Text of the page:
Tuesday, October 25, 2016

October 25, 1974 -- Alexander the Great Dedicates Two Sculptures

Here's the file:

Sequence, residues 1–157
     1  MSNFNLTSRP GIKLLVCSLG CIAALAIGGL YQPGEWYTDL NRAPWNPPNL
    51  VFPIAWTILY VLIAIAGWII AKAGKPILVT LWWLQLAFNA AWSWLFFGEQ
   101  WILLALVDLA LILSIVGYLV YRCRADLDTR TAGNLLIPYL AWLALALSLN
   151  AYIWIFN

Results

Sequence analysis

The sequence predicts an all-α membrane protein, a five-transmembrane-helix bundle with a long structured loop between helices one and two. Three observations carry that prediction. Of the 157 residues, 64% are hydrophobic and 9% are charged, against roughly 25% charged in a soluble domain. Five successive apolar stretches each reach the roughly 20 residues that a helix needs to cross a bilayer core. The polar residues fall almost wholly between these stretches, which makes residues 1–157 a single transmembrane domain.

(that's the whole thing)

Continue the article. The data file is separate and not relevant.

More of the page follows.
October 25, 1974 – Riding a 40-horse wagon, following a parade of elephants, clowns and circus wagons, sculptor Alexander Calder rides into the Loop to dedicate two sculptures.  As Calder’s wagon stops at the Dirksen Federal Building Plaza at Dearborn and Adams, architect Carter Manny, Jr. blows a whistle and announces, “Ladies and gentlemen and children of all ages, I present to the people the one and only Alexander the Great – Sandy Calder.”  [Chicago Tribune, October 26, 1974]  The sculptor and Mayor Richard J. Daley share a gigantic pair of scissors to cut the rope surrounding the 53-foot-high Flamingo.  In his remarks His Honor calls the Loop, “one of the world’s largest outdoor museums for contemporary sculpture” before naming Calder an honorary Chicago citizen.  Arthur Sampson, head of the General Services Administration that commissioned the $350,000 sculpture, reads a letter from President Gerald Ford that calls the Federal Center sculpture “a conspicuous milestone in the federal government’s effort to create a better environment.”  The entourage continues on to Sears Tower where Calder sets in motion his 32-foot-high kinetic wall mural and delivers his only speech of the day, saying, “Mr. Arthur Wood [the board chairman of Sears, Roebuck & Company] wanted me to give it a name.  So I thought of a name.  I call it, ‘Mr. Wood’s Universe.’”

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